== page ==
Detecting Autism in Infancy, Starting Treatment EarlyWritten by: June Print This Article
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What is Autism?
Autism is a set of child developmental delays and disabilities. It includes impaired social interaction and communications, delayed and impaired verbal and language skills, and focus on repetitive activities. Autism is just one of several related disorders in the Autism Spectrum Disorders (ASD) classification. Asperger’s Syndrome is the second most common ASD illness after autism and generally differs from autism because language development is not affected as severely.
Early Detection of Autism Provides More Time for Intervention
Early detection of autism can provide parents, doctors, and therapists the time to intervene early in a child’s development, before autism becomes more severe. Although doctors recommend screening for autism starting at age 18 months, it is difficult to screen kids under the age of 2 (sometimes even older) because of typical developmental variations between children that are apparent in the verbal, language, emotional, and motor skills tests used to identify autism.
Nancy Wiseman is a mother of an autistic child who started the non-profit advocacy group First Signs to help other parents with autistic kids. She has written Could It Be Autism?: A Parent’s Guide to the First Signs and Next Steps to help parents identify autism early, starting at age 4 months. The earlier an autistic spectrum disorder is identified, the more time there is for intervention. But it’s particularly difficult to detect autism in infants, especially if parents do not have experience with autism and even more so for first-time parents for whom almost everything about their child is a new experience.
Early detection of autism seems to depend primarily upon absence of behaviors and interests that are demonstrated by typical children without autism. For instance, most babies are intensely interested in human faces and emotions. “Peek-a-boo” and similar games can provide endless delight for them. But an autistic child may have little interest in such things, preferring to watch non-human objects rather than people. As a child gets older, around a year of age, failure to respond to his or her name is another sign of autism. So is not pointing at items of interest and making requests or expressions to people about these items. For instance, a child who often points at a treat or toy and looks at parents or siblings with happy or “help me” expressions accompanied by sounds asking for attention are signs the child does not have autism.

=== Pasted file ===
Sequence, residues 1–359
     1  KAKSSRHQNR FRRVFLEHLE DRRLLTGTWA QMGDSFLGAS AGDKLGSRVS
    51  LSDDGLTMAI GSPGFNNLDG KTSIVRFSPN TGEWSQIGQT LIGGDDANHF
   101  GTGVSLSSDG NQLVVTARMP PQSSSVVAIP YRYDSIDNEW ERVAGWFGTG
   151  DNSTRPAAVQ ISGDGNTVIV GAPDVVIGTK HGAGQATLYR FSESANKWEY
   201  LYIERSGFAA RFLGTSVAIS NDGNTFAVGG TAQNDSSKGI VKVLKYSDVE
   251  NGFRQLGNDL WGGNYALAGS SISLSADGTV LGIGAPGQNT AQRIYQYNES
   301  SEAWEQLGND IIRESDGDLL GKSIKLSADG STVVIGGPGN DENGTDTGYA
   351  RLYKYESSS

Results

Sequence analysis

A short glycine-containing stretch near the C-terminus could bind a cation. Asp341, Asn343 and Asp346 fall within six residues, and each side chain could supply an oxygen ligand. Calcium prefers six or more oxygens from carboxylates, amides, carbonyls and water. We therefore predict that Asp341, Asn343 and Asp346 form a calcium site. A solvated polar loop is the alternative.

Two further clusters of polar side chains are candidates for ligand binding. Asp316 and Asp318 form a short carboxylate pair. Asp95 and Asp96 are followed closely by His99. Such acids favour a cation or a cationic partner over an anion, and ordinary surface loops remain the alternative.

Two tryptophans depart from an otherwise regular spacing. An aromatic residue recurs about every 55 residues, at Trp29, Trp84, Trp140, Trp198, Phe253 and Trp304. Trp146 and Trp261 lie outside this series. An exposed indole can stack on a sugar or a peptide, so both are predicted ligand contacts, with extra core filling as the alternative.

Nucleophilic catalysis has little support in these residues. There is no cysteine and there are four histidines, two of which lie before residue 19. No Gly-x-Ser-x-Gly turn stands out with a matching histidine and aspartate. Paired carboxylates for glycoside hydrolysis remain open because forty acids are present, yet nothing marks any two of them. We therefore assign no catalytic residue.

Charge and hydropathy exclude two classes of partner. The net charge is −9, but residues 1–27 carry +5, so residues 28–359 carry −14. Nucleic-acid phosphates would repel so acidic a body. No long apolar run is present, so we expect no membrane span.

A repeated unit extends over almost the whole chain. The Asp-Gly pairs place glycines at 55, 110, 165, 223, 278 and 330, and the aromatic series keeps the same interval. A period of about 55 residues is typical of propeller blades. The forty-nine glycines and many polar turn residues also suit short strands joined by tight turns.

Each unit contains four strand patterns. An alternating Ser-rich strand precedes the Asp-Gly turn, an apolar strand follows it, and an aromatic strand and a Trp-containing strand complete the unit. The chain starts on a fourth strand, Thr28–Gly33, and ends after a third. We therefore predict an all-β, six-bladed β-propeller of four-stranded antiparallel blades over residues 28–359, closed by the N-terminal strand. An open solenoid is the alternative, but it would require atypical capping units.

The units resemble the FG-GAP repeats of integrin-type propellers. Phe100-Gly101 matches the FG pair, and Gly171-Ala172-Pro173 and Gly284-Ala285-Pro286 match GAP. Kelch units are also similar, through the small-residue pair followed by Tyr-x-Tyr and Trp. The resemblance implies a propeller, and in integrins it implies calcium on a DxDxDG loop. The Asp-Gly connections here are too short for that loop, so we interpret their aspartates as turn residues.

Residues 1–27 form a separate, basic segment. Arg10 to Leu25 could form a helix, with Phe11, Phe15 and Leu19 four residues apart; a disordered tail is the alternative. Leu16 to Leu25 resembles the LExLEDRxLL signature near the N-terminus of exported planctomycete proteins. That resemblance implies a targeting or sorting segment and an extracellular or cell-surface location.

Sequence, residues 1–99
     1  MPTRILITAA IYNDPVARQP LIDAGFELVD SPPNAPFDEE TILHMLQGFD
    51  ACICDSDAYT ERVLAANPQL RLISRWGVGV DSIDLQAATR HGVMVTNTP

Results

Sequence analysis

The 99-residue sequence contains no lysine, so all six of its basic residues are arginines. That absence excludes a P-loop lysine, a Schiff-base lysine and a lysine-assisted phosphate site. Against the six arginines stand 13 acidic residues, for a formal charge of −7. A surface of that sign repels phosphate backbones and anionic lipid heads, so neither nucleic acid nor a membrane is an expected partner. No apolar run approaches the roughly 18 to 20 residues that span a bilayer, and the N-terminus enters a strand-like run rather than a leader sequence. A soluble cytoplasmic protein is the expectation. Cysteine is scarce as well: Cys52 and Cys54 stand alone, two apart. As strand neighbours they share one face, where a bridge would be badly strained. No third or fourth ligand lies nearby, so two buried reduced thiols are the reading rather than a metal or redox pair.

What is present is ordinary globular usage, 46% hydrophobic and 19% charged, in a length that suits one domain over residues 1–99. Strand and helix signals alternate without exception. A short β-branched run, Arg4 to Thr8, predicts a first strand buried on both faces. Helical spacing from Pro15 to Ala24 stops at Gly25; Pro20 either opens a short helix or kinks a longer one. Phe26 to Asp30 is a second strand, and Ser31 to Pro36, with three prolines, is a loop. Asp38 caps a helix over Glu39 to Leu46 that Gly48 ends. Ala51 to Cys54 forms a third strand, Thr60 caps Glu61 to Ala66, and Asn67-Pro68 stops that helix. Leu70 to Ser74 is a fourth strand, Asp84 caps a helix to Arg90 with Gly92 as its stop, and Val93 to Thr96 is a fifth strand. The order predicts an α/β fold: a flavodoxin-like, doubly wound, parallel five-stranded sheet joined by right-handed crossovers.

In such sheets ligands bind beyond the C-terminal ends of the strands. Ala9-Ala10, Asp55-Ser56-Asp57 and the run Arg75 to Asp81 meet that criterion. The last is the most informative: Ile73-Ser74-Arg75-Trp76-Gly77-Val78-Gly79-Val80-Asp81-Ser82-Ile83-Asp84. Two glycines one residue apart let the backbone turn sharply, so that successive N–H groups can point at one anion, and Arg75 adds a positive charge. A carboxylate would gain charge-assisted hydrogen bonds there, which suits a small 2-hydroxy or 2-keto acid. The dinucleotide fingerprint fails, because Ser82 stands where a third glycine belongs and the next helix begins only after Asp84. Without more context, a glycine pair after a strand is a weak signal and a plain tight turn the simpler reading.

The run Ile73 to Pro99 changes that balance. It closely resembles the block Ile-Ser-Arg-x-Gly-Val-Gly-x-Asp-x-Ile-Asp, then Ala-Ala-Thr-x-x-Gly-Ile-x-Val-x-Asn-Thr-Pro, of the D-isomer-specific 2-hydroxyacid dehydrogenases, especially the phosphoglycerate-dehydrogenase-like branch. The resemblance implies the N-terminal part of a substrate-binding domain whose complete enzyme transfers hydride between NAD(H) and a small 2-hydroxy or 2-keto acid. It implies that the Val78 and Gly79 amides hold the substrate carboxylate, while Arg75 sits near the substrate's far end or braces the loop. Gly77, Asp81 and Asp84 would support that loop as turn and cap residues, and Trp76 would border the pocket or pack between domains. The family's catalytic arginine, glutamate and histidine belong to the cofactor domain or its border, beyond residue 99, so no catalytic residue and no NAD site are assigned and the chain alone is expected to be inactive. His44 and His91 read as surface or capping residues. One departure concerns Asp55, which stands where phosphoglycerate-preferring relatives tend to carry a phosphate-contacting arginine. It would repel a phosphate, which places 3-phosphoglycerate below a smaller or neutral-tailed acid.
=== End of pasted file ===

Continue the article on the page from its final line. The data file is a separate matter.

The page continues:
It’s not until later, when children begin to develop more verbal and language skills, that it becomes much easier for medical experts to diagnose autism. But by then, years of opportunity to help the child develop socially and emotionally may have passed.
In 2007, the American Academy of Pediatrics recommended that doctors begin screening babies for autism at 18 months, but researchers have yet to refine the tools for making a reliable diagnosis at that age. One issue, says Catherine Lord, director of the University of Michigan Autism & Communication Disorders Center, is that there is so much individual variability in how babies develop. Another challenge is that many of the signature signs of autism — delayed speech, repetitive movements or fixations on particular toys or objects — involve language and motor skills that babies have not yet acquired. That’s why identifying the signs of autism before age 2 often involves the absence of typical behavior as opposed to the presence of aberrations.
First Steps After Detection or Diagnosis
Nancy Wiseman’s latest book, The First Year: Autism Spectrum Disorders: An Essential Guide for the Newly Diagnosed Child, focuses on what parents and relatives should do after a child has been found to have an autistic spectrum disorder. This is a particularly confusing time for parents as they are understandably upset about the situation and worried about the well-being of their child.
Wiseman’s approach in this second book is to walk the family through what to do during the first year after diagnosis. This includes learning more about autism, finding medical specialists (many doctors know little about autism), getting a second opinion from an expert, developing a treatment plan for your child, and advocating for your child in medical and school settings.
Her book has been well-received and rated by parents who are going through a new diagnosis of autism and ones who have been through it previously. Even parents who have been trying to help an autistic child for years say there are things they have learned from this book.
Wiseman’s works focus more on the detection of autism and behavioral treatments to help autistic children learn emotional skills than on the causes of autism itself. These are definitely important areas with which parents need a lot of help because the parenting skills appropriate for an autistic child are likely to be quite different from what they observed from their own parents and friends with children who don’t have autism.
From what I’ve learned about autism, there is a growing body of autism research that makes it appear there are things parents and society can do to reduce the risks for development of autism in the first place. Some of these may also be useful for treating kids who have an autistic spectrum disorder. I’ll be writing about such topics in future articles.